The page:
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Heterologous Boosters
A new NIH-sponsored study has been posted.  The study has a lot more than what is in the media today, but I haven't had a chance to digest it. (For instance, adverse events)  

The study is ongoing.  Neutralization results for the Delta variant were only available for Moderna. (Otherwise, neutralization results were for an early COVID version (WA-1).)

This must have been rushed out.  There are tables with data from 15-days post-booster but "in process" for 29-days post-booster.   Perhaps the FDA had this rushed so they could make a decision on the Moderna booster.


Quote:People who got the Moderna vaccine for their original shots and Moderna again for their booster appear to have gotten the best immune response, followed by those who got Pfizer boosted by Moderna and then Moderna boosted by Pfizer — although the increase in immune response with the mRNA vaccines was probably too small to really make a difference in protection in most groups.

The most significant finding suggested that people who initially got the J&J vaccine seem to have gotten the best response if they got Pfizer or Moderna as their booster.

NOTE: This study used a 100mg (full) dose of Moderna as a booster.   Moderna has applied to the FDA for a 50mg (half) dose of Moderna as a booster.

I notice in the study that those that got the Moderna boost had a shorter interval after their first vaccinations until the boost (basically 14-17 weeks versus 20-24 weeks for Pfizer and 18-21 for J&J).  This is noticeable in the neutralizing titers prior to booster (original Moderna vaccine patients:  Moderna booster (16.4 weeks): 88.7; J&J booster (19.3 weeks): 61.7;  Pfizer booster (22.9 weeks): 57.6).  This makes me a little leary of their multiplicative factor as a measure of how effective the boost was.

I also don't believe this study can give a good idea of how enduring the effectiveness is.

However, the boost is quite significant for the mRNA boosters.  The J&J boost for J&J takes a low number and makes it a bit better -- sorta like an fading Pfizer and not as good as a fading Moderna.
The interval between vaccination and booster confounds things. But a 100mg Moderna raised the numbers for a Moderna-vaccination by 10.2x (or 7.9x). A 100mg Pfizer raised the numbers for a Moderna-vaccination by 11.5x (or 9.7x).

If we guess that a 50mg Moderna booster will raise the numbers by less than a 100mg Moderna booster, then it would not be surprising if a 100mg Pfizer boosts a Moderna vaccination by more than a 50mg Moderna booster.
good summary article, IMO
This quote from the article is misleading "Dr. Lyke and her colleagues found that switching boosters raised the level of coronavirus antibodies, no matter which combination people got."

Boosters raised the level of antibodies whether the booster was the same or different. Generally, a Moderna booster increased the most, followed by Pfizer, followed by J&J. A J&J 2nd shot (the "booster") still didn't get the numbers as high as the mRNA 2-shot vaccinations even months later.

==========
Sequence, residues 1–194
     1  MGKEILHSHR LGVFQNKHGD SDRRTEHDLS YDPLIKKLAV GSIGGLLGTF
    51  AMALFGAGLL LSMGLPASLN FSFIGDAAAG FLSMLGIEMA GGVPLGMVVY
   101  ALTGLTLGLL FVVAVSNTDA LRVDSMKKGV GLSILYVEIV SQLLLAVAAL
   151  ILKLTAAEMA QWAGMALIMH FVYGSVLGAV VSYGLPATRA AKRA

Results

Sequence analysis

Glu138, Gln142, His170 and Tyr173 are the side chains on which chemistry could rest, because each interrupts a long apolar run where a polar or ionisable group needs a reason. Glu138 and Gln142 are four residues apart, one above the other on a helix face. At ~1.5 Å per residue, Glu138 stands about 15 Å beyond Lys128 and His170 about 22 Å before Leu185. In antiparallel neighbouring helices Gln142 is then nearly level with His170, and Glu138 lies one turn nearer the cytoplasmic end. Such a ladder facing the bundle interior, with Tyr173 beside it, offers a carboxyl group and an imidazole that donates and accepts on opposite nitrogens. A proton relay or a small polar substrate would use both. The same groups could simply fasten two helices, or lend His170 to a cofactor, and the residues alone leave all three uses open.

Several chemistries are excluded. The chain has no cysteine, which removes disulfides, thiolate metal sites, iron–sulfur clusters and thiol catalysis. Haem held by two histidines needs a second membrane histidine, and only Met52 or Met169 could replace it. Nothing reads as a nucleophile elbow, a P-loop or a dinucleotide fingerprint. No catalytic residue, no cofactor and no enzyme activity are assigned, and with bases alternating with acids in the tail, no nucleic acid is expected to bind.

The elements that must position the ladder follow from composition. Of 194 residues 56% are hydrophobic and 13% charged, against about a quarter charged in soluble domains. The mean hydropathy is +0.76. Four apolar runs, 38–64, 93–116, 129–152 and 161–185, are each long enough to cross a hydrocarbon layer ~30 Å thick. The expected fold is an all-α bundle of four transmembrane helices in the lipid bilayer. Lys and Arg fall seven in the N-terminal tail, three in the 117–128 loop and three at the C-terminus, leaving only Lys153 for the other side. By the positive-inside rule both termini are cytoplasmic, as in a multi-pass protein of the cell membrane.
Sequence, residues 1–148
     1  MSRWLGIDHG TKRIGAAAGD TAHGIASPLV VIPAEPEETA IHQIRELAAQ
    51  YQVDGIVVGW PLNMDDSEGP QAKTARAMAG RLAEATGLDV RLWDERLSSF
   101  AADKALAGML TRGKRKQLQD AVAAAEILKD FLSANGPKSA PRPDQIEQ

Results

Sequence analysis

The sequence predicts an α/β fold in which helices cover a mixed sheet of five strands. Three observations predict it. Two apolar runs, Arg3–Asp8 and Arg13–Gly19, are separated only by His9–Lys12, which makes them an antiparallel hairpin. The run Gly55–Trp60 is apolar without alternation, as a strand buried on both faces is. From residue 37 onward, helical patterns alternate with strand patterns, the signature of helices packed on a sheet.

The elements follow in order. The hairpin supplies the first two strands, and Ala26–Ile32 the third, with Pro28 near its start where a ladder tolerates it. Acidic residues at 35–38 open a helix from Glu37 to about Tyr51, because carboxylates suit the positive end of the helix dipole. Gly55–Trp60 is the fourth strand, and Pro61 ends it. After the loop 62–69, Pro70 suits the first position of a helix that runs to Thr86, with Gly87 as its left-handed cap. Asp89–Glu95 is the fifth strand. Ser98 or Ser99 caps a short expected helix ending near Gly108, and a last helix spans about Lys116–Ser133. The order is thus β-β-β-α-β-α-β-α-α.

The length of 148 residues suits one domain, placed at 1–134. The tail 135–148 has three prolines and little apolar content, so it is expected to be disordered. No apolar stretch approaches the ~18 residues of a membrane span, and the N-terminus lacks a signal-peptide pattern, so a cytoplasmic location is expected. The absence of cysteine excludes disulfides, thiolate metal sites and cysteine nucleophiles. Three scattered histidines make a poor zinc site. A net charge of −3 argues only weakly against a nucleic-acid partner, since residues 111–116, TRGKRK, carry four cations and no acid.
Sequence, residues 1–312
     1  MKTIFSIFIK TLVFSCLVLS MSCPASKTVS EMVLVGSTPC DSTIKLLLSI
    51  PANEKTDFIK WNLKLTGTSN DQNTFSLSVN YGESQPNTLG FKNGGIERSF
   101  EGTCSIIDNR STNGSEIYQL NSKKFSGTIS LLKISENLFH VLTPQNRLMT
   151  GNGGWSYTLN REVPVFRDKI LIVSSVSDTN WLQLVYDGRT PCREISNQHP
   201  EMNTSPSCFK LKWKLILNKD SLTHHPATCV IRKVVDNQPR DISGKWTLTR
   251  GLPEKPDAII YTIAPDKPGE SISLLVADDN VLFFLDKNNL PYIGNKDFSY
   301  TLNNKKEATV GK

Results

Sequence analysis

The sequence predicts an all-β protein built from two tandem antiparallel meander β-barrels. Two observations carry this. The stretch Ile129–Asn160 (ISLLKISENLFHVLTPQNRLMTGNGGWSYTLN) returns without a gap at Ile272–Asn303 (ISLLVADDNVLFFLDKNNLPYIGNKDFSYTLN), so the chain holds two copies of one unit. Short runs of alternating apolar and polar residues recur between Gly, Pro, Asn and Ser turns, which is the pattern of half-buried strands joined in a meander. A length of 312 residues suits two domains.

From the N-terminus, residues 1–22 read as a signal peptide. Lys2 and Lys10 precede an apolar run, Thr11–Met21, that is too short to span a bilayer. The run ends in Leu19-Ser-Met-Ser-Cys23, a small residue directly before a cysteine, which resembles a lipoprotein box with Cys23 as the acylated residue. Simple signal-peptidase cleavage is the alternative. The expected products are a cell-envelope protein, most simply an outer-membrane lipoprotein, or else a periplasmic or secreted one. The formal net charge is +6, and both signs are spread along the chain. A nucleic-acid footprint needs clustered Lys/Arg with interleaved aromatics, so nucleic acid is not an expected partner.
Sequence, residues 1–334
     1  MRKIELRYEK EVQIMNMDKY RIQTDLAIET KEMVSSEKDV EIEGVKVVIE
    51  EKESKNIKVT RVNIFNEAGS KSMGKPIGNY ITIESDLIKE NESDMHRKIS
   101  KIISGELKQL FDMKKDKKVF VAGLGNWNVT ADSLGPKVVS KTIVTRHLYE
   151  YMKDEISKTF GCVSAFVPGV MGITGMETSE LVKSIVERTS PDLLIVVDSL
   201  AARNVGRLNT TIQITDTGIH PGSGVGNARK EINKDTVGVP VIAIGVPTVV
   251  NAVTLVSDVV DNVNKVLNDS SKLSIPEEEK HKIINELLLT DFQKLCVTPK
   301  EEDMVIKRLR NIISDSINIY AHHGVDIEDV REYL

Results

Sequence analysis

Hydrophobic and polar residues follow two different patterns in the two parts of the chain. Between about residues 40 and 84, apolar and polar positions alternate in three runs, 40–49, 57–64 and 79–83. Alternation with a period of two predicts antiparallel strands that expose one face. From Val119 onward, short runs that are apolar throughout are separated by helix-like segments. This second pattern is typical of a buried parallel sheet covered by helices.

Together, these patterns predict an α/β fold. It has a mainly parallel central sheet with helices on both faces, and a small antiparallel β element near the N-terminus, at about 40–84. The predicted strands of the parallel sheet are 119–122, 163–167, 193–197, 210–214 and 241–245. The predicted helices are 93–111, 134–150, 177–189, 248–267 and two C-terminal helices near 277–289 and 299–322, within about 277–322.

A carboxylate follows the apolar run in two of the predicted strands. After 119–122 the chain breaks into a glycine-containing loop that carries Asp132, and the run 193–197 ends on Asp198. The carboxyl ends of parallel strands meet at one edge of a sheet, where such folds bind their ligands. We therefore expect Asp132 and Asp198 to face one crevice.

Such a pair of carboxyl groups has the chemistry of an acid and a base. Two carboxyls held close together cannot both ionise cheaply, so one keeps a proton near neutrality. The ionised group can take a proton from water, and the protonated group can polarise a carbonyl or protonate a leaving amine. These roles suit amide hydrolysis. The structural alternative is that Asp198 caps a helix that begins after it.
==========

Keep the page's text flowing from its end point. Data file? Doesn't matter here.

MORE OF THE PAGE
I don't know why they seemed to rank them by a factor increase (for instance, 10x) rather than just looking at the final numbers, or the just looking at the absolute change in the measures.

Also, I will add two clauses to clarify this statement, "The Centers for Disease Control and Prevention has no preference for which age-appropriate AND MEDICAL-CONDITION-APPROPRIATE flu vaccine people get AMONG THE FDA APPROVED VACCINES." (In particular, it seems the live, attenuated vaccine is not recommended for pregnant or immunocompromised or for certain other conditions.) There are 9 different vaccines.

I also think the article allows the reader to think the situation with COVID is potentially like the situation with influenza. As I understand it, the main reason for yearly influenza shots is that the prevalent influenza changes from year to year, and new shots are needed to cover the new variants. The current COVID boosters are to increase the antibodies, not to provide wider or different coverage of variants.

Personally, I am signed up to get Moderna booster monday; I originally received Janssen back in March.
I always wonder at how results get simplified so much.  And, how the authors sleep at night.

From that article

Quote:The team showed that SARS-CoV-2 infection rates in the mix-and-match [AstraZeneca + Pfizer] group were half that of the group that received two doses of Pfizer.
From the referenced study:

Quote:individuals who received each vaccination regimen (which started in January 2021
in both groups)...

Histograms show the infection rate among groups of healthcare workers who were vaccinated with the homologous BNT/BNT combination (n=81/10609) within the recommended 4-week timeframe between the two doses, or with the BNT boost after receiving the first ChAd dose (n=10/2512) approximately 12 weeks before.